Final notes: I could see myself listening to the 3-4 tracks I really liked in the future. (Stranger than Deja Vu, Home, Dance of Eternity, Overture 1928) I would possibly try to re-listen to the album some other time, when I'm ready. I'm not good at trying new music (or new anything) because for me its an emotional investment. I also usually enjoy albums that are a little less seamless, with more lyrics, and in a slightly different style. However, I do want to revisit DreamTheater and try out some of their other albums again, since I know they aren't all just like this one. Overall, I'm impressed by their talent, and their abilities to conceptualize this album idea, and I respect their creativity. It wasn't my favorite thing to listen to, but I wasn't displeased either. Thanks for the recommendation Please Understand!


    "Defense against the dark farts, am I right?" -Pennington
    | This spot reserved for Dark Link Reigns |


    The post was edited 2 times, last by Lady Sunshine: Forgot track name, more to write. ().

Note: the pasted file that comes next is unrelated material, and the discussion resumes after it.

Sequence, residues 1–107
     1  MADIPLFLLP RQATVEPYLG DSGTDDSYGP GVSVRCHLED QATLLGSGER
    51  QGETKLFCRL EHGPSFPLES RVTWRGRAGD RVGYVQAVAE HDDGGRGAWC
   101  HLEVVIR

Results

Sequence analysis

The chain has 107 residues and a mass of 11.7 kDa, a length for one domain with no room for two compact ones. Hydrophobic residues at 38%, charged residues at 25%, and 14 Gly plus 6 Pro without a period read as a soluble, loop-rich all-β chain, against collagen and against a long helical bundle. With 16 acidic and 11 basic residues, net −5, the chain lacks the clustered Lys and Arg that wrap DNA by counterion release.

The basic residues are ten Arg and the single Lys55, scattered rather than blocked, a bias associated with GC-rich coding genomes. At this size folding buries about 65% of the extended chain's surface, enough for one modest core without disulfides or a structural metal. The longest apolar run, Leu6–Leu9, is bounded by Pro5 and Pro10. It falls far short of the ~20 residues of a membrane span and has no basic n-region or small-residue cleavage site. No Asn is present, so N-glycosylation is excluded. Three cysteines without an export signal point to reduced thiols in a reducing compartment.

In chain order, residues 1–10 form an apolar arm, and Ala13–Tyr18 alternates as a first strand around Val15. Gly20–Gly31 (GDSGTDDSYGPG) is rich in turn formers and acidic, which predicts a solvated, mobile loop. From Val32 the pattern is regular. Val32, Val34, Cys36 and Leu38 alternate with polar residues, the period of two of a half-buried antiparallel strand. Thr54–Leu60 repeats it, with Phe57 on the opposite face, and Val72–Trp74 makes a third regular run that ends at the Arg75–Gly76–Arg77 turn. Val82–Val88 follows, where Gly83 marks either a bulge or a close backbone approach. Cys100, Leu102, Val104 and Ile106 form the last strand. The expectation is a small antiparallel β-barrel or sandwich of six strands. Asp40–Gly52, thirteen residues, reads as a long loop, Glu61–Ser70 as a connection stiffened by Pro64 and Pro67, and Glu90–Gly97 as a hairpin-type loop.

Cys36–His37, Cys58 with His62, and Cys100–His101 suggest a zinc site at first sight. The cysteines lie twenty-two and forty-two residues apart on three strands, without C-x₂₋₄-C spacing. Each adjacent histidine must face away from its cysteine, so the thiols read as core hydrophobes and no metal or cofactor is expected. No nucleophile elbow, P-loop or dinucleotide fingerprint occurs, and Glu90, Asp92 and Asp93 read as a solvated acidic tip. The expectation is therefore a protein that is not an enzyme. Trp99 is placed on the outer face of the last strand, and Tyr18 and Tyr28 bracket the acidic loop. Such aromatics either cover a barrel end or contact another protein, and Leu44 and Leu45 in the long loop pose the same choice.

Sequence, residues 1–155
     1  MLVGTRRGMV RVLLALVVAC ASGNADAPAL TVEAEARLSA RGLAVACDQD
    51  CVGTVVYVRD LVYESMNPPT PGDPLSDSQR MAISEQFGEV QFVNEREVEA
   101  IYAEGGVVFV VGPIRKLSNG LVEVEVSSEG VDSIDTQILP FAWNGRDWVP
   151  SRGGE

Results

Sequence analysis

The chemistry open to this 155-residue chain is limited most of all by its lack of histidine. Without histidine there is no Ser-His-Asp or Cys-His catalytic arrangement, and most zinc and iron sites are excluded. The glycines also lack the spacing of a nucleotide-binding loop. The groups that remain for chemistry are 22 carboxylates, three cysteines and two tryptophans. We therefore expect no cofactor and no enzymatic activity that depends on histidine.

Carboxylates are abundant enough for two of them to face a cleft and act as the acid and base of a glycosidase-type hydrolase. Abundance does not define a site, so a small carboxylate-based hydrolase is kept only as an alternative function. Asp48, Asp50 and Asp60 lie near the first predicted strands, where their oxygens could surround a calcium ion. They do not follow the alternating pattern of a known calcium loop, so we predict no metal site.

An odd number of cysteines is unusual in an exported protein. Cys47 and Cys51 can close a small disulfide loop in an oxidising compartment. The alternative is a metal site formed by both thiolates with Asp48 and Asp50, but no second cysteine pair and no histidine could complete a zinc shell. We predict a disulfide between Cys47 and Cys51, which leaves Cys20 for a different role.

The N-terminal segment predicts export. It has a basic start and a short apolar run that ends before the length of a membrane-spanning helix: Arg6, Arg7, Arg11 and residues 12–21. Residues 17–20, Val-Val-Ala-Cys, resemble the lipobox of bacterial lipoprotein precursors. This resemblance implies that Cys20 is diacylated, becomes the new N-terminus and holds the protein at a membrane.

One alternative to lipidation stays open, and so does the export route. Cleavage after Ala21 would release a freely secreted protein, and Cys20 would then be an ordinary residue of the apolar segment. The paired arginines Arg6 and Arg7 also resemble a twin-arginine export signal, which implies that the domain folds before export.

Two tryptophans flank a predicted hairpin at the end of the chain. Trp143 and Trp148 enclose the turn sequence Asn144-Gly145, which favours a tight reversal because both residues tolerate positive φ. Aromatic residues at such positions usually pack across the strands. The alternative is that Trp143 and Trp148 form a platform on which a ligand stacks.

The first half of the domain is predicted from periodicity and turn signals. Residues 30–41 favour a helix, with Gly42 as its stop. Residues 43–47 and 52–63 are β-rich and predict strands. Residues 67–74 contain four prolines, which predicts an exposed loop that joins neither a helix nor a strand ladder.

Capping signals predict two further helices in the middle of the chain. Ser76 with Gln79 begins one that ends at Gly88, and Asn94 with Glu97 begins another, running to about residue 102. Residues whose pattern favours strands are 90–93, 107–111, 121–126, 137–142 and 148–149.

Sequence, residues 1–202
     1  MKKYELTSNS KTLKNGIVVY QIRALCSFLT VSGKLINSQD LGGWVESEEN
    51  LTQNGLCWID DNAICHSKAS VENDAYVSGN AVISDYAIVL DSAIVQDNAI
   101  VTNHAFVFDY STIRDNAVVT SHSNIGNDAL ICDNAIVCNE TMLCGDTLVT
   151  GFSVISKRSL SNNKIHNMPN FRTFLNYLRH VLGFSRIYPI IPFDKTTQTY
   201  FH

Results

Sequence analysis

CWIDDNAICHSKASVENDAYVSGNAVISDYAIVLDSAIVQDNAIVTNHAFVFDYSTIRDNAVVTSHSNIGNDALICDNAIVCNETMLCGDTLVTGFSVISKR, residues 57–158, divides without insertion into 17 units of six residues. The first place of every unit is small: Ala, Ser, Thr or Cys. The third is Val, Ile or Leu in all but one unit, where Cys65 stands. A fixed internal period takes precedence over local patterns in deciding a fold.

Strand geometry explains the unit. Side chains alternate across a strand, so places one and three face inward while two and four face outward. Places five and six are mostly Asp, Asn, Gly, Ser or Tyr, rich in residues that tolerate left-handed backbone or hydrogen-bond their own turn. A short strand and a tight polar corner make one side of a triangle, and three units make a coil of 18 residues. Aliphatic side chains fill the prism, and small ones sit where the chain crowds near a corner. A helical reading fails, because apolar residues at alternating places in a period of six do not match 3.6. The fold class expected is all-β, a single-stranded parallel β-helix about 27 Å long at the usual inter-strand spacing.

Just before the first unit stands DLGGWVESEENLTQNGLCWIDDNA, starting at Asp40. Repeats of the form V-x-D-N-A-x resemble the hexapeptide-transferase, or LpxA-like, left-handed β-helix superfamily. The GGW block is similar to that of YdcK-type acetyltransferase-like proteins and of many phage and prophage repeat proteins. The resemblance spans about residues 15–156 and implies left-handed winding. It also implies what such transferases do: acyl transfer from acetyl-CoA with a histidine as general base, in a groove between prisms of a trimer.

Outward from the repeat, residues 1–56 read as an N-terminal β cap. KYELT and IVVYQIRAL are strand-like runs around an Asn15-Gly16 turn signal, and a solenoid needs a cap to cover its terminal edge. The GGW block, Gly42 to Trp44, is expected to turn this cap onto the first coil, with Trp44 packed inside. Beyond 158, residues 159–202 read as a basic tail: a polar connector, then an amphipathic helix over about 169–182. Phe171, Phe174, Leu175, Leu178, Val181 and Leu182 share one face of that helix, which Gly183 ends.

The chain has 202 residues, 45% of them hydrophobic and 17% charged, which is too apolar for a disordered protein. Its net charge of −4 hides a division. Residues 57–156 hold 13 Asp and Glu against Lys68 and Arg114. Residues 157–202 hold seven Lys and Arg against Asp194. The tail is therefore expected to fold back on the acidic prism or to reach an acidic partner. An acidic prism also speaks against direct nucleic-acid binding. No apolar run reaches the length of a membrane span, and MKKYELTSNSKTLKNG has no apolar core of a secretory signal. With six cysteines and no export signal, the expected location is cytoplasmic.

• Alright, you guys have until next Sunday to get through Holden's album and leave thoughts! I'm excited to listen to this one, personally - it's something I've looked at several times but never picked up for God knows why. Haha. Oh well, here we go!


    Holden wrote:

    ok this was hard lol


    my submission:





    Album Name: Mia Pharaoh
    Artist: Miniature Tigers
    Genre: Indie/Synth-pop
    Where to Listen: Spotify, Apple Music, Youtube, Soundcloud, Bandcamp
    Questions:
    1. What is your first impression of the album after listening?
    2. Have you listened to this artist/album before? Do you listen to anything similar to this?
    3. What were the standout moments or songs on this album?
    4. Would you listen to this again?
    5. Any other thoughts?

  • Album Name: Mia Pharaoh/Artist: Miniature Tigers

    Alright so I have been listening to The Miniature Tigers for five years actually. I have been always a huge fan of them for a while now. I remember listening to them during my senior year. Me and GF from high school had this playing so many times, I even recall us dancing to "Sex on The Regular" and we would sing "Boomerang" a lot together. This album brought back a lot of memories so I enjoyed myself again and had an excuse to listen to this album again for its been awhile. I can even see a dusty old CD stuffed in the corner of my desk that I used to put in my car and Mia Pharoah is the first album that plays on it actually and I remember downloading it illegally haha.

    I am not going to ramble on too much about this album because I just absolutely loved it, and I still do love it so I am just going to be straight forward in my answers to the questions.